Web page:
Maryland Democrats and immigration activists gathered Tuesday to celebrate passage of the Dream Act on the same day opponents said they are nearing a key milestone in forcing a referendum on the issue.
Officials, students and representatives from the Hispanic advocacy group Casa de Maryland met in Wheaton, which is home to a large immigrant population, to cheer last week’s signing of the law by Gov. Martin O’Malley, a Democrat.
The controversial law will allow college-age illegal immigrants from taxpaying families to pay in-state tuition rates at Maryland community colleges and potentially four-year institutions.
“This is really about putting a face on the issue,” said Sen. Victor R. Ramirez, a Prince George’s Democrat and the law’s lead sponsor. “These are high school graduates. This is not a handout it’s an opportunity.”
While the state Dream Act has been signed into law, opponents are collecting signatures in an attempt to suspend it and force a statewide 2012 referendum on the issue.
A federal Dream Act failed last year in Congress, but Democrats began discussing another push for the bill last week.
Maryland law requires that the referendum petitioners submit 55,736 valid signatures from registered Maryland voters to the state Board of Elections by June 30. At least one-third of the signatures, or 18,579, must be turned in by May 31.
Delegate Patrick L. McDonough, a Baltimore County Republican who is helping lead the drive, estimated Tuesday that organizers are “very close” to reaching the May 31 goal and expect to exceed the requirement in the next two weeks.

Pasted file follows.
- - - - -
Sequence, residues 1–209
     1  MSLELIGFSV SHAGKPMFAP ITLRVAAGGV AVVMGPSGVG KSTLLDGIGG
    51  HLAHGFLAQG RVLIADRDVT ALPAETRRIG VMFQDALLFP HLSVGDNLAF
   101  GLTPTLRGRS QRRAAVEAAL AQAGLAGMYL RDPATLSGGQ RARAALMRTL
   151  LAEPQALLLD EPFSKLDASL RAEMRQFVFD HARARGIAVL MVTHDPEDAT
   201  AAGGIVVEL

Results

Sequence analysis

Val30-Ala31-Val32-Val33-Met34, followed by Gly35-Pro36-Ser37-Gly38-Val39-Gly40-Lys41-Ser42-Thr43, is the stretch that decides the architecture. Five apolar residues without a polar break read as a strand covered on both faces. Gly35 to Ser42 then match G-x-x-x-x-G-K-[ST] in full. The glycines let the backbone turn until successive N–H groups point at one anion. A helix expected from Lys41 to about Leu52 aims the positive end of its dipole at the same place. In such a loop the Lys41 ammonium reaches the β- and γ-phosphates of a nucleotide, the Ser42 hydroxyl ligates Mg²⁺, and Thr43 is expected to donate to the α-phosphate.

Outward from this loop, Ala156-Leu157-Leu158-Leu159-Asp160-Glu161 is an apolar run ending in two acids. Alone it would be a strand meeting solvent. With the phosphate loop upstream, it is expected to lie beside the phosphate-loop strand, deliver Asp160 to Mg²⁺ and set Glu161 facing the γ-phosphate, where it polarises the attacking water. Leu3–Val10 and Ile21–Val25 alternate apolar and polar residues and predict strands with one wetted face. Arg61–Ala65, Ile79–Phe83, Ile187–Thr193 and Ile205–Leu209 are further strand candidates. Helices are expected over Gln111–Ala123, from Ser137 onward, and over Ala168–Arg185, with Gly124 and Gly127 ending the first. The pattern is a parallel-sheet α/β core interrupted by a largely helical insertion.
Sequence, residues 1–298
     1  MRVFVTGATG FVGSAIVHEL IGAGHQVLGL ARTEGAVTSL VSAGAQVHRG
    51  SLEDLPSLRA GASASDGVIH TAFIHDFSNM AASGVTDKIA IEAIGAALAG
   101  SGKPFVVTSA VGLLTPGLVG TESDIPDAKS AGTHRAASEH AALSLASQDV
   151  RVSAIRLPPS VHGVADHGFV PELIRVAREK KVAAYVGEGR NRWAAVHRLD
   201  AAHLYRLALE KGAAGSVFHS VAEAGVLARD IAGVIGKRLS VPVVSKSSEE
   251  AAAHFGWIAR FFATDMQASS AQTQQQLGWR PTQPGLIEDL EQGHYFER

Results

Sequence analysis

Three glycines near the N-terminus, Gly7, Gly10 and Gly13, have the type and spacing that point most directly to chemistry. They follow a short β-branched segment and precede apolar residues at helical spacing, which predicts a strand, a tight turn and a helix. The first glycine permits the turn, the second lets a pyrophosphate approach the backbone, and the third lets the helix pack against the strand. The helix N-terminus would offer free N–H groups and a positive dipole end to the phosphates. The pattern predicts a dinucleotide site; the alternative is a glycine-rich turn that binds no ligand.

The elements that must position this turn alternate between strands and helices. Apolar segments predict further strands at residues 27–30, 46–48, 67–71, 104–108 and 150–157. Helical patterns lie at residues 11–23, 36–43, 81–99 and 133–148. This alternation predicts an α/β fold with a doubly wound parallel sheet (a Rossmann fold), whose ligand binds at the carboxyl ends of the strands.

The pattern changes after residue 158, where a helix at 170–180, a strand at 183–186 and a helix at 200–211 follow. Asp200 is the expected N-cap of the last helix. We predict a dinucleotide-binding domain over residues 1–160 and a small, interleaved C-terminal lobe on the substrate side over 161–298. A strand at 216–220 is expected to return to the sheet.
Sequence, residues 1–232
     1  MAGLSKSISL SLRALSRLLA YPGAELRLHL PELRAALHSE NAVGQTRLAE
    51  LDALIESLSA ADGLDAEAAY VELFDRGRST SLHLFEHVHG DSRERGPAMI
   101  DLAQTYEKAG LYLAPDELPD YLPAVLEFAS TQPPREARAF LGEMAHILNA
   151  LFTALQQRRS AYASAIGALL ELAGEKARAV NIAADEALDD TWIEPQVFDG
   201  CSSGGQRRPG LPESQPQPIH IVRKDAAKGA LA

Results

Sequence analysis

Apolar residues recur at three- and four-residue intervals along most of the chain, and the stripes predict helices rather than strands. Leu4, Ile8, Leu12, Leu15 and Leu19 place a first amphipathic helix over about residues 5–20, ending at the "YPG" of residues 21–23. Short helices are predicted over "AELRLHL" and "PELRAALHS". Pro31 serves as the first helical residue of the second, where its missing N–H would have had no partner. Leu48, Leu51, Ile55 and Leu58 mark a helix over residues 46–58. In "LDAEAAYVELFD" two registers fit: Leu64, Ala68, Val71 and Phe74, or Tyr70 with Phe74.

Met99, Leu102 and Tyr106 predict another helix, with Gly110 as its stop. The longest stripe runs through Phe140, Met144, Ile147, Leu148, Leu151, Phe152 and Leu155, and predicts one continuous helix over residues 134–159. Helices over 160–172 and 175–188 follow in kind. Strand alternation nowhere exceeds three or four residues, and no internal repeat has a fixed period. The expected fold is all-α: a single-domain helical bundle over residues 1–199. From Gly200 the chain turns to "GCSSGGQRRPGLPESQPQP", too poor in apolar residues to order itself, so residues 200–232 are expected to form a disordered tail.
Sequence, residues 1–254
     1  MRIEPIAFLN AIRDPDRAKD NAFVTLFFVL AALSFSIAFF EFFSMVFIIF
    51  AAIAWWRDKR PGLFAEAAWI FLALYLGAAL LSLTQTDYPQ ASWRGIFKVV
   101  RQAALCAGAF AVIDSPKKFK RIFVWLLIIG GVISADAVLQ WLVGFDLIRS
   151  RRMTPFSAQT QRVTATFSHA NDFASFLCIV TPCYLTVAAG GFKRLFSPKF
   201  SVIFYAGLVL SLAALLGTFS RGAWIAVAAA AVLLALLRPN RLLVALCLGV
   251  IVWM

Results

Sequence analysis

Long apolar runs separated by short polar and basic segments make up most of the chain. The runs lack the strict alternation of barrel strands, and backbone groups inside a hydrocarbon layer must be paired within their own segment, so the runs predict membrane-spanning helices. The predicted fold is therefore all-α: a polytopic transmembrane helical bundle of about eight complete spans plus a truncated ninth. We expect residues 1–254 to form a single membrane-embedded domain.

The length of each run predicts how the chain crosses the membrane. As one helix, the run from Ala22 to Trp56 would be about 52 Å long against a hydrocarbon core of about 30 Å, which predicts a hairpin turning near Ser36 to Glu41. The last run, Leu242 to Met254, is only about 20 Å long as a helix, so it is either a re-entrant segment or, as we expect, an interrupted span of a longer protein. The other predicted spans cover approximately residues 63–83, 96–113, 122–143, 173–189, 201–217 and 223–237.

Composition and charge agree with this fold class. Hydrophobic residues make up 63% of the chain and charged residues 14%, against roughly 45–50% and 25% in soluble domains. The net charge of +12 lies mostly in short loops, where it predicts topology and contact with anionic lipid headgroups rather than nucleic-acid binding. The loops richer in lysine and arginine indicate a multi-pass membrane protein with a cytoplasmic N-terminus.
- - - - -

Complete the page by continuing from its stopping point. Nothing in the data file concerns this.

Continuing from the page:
“I think they’re celebrating too soon,” he said of the bill’s supporters. “They shouldn’t be popping the champagne corks just yet.”
Mr. McDonough and co-organizer Delegate Neil C. Parrott, a Washington County Republican, have said they want to nearly double the signature requirements because many signatures will likely be invalidated because of signer and organizer errors.
Numerous restrictions cause signatures to be invalidated. The most frequent errors include signers omitting middle names or initials that appear in their voter-registration records and signers from different counties appearing together on the same signature sheet.
In collecting their signatures, organizers have relied largely on a website that allows visitors to print and circulate their own copy of the petition. Mr. McDonough said he also has received more than 2,000 petition requests from residents without Internet access.
He said organizers expect to release an official signature estimate on Friday.